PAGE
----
After six months of decline, Puerto Rico’s economy stepped up in July

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After declining by 11.2% from February to June, Puerto Rico’s economic activity index climbed 2.3% in July.

The Economic Development Bank for Puerto Rico released the July figures on Tuesday.

Bondholders and the Puerto Rico Oversight Board negotiating the Restructuring Support Agreements on the central government debt may be using the economic activity data in arguments over how much debt should be paid back.

The July index value was down 8.9% from the value a year earlier.

Most of the decline since July 2019 took place from March to June of this year. The declines from the previous month were as follows: March, 2.4%; April, 4.9%; May, 3.5%; and June, 0.8%.

The decline was due to the lockdown on the economy ordered by Gov. Wanda Vázquez in the aftermath of the spread of the COVID-19 virus to the island, said Chantal Benet, senior economist for Inteligencia Económica, a Puerto Rico based economic consulting firm.

While small compared to the previous months' declines, the July increase was a positive development, she said.

The July index value is now about equal to the value found in 1988. From that year it generally went up to early 2005. The July index value is now down about 29% from the 2005 peak.

Two of the four economic components of the index — total non-farm employment and electric power generation — showed no change in July from June. However, the other two — gasoline consumption and cement sales — declined.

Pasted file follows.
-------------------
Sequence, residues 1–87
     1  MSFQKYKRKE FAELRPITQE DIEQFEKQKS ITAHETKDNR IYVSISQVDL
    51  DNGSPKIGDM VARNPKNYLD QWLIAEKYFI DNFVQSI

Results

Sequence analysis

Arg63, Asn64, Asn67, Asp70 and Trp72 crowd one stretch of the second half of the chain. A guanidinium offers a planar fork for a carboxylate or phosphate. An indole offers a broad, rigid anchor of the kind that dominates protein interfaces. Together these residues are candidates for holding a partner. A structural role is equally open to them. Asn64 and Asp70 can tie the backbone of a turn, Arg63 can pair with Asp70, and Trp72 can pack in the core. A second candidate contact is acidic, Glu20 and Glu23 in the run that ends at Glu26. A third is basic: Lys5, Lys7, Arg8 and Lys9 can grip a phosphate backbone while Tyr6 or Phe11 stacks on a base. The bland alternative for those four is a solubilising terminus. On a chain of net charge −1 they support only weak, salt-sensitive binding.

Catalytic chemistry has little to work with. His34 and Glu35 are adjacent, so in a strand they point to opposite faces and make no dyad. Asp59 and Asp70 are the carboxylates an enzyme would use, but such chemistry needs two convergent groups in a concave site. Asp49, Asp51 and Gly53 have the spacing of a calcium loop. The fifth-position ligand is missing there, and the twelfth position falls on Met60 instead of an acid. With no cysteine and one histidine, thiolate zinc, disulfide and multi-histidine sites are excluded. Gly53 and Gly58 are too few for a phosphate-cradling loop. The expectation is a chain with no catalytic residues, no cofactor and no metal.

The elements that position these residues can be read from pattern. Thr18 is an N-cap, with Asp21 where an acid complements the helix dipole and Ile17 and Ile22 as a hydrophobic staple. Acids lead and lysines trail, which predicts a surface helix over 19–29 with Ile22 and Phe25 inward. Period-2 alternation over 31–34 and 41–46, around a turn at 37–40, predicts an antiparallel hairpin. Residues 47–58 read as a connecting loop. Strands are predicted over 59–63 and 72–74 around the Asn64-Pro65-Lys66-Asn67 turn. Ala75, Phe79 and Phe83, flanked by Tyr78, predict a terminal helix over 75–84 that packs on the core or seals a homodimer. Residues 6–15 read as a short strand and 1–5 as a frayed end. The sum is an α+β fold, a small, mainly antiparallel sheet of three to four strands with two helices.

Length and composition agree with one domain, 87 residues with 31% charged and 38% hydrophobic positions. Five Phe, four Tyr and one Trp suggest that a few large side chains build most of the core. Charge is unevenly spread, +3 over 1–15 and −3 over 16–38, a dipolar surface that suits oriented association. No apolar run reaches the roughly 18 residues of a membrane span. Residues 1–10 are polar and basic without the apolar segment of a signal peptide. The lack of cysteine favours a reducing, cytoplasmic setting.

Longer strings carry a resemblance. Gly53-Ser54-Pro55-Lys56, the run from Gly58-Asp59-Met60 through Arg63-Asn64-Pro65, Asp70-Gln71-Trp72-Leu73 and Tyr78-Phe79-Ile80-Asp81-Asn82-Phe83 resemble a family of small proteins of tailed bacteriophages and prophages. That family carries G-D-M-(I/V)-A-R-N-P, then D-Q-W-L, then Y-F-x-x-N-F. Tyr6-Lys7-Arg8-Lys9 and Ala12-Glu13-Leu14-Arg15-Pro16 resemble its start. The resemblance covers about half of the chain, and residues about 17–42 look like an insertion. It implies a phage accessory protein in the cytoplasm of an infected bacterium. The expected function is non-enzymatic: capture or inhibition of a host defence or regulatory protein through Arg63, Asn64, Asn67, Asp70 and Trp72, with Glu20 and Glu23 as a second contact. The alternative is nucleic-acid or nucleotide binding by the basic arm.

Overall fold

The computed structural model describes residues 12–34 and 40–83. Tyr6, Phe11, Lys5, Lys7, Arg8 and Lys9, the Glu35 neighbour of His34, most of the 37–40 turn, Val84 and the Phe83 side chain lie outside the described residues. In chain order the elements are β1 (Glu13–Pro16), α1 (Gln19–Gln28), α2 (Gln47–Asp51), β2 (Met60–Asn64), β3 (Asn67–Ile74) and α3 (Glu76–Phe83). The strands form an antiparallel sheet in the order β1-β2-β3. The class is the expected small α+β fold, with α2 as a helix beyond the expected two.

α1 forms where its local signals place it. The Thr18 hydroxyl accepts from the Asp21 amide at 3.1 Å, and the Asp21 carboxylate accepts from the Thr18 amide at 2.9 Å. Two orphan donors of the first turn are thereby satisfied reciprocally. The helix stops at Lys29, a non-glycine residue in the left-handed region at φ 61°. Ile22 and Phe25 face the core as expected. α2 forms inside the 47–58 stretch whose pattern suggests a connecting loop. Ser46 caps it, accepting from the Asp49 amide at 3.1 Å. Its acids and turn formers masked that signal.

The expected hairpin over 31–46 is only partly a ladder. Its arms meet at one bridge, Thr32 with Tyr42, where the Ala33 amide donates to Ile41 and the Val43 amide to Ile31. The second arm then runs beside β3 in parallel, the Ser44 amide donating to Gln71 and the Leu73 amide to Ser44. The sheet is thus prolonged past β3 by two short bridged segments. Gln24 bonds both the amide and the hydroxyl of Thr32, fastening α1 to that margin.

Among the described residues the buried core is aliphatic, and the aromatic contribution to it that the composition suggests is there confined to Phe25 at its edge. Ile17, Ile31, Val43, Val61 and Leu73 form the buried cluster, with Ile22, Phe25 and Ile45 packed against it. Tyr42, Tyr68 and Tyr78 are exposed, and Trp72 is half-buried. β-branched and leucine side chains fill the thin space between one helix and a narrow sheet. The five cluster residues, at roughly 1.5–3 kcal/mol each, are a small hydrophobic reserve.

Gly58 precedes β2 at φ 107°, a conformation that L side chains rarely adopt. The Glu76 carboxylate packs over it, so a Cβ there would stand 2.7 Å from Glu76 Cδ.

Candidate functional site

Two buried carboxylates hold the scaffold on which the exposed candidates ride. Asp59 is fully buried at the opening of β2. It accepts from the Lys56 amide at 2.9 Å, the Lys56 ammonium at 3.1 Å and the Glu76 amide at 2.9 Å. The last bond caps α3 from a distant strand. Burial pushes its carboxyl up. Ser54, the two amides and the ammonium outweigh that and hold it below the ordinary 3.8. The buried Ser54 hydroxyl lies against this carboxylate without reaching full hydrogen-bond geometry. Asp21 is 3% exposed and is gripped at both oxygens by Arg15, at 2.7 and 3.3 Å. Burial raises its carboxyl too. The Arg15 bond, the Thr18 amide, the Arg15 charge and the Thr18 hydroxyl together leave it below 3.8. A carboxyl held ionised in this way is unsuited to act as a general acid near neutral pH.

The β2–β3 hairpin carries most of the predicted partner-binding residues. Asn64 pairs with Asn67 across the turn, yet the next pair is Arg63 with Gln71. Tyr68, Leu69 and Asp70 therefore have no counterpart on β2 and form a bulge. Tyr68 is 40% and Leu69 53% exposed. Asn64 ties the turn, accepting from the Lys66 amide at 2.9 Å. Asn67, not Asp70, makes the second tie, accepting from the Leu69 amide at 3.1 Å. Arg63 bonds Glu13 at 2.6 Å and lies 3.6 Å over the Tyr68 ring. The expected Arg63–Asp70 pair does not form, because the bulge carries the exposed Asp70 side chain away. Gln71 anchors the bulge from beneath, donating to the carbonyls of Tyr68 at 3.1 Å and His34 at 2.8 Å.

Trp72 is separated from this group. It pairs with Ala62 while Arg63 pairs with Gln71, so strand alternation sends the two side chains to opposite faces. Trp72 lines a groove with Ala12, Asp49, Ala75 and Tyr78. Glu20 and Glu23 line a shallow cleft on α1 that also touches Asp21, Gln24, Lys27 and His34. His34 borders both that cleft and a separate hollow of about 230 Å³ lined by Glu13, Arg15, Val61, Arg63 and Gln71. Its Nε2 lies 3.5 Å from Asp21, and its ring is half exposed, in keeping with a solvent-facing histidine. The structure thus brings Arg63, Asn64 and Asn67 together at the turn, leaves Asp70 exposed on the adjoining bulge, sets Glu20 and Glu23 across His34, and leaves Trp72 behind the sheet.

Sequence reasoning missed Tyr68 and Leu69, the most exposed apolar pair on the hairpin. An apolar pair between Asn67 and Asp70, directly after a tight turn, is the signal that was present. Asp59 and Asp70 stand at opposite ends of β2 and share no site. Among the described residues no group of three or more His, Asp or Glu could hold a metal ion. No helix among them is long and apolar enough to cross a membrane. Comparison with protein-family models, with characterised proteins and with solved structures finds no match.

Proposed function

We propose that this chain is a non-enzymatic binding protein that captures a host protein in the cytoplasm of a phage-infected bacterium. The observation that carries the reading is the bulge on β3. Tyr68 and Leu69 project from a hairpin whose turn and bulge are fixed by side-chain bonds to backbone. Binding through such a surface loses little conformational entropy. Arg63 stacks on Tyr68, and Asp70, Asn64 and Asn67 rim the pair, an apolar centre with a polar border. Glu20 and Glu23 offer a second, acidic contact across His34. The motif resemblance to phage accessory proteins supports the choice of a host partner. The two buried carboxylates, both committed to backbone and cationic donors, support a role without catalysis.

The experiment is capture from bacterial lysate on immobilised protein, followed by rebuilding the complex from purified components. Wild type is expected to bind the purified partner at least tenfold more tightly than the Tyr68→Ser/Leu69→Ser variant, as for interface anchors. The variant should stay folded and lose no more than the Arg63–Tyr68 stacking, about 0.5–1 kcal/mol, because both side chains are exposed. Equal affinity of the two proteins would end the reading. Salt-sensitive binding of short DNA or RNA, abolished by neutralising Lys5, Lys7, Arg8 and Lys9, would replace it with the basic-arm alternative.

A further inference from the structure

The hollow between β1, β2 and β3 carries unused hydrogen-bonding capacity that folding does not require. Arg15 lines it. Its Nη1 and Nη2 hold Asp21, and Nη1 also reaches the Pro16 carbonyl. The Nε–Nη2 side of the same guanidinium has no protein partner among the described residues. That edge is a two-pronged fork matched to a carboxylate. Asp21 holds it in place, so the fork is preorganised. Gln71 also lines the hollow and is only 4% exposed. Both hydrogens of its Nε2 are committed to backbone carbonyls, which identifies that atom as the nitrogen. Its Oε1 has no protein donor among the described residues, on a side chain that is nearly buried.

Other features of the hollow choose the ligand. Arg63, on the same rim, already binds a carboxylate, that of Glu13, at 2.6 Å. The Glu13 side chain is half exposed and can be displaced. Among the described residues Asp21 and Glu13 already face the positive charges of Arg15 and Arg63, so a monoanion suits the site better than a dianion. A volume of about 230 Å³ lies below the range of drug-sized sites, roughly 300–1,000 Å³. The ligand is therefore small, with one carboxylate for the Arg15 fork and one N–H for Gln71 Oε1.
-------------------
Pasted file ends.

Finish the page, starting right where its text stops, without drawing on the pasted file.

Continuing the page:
Benet said August and September economic activity has probably been better than that of July.

However, Benet said that her firm believes that economic activity will resume its decline in October and the following months. This is partly because the federal unemployment insurance benefits have been gradually ending. Payouts ended as early as August for those who applied in March.

Benet said another reason for the decline was that it would be a resumption of Puerto Rico’s economic decline that has been going on since fiscal 2006. Since then every year except fiscal 2012 has seen an inflation-adjusted gross domestic product decline.

The seasonally adjusted nonfarm wage and salary employment figures from the U.S. Bureau of Labor Statistics, unlike the non-seasonally adjusted figures used by the EDB for the index, showed an increase in July from June. The July seasonally adjusted figure was up 6.9% from April but down 7.5% from March, when the lockdown began to be implemented.

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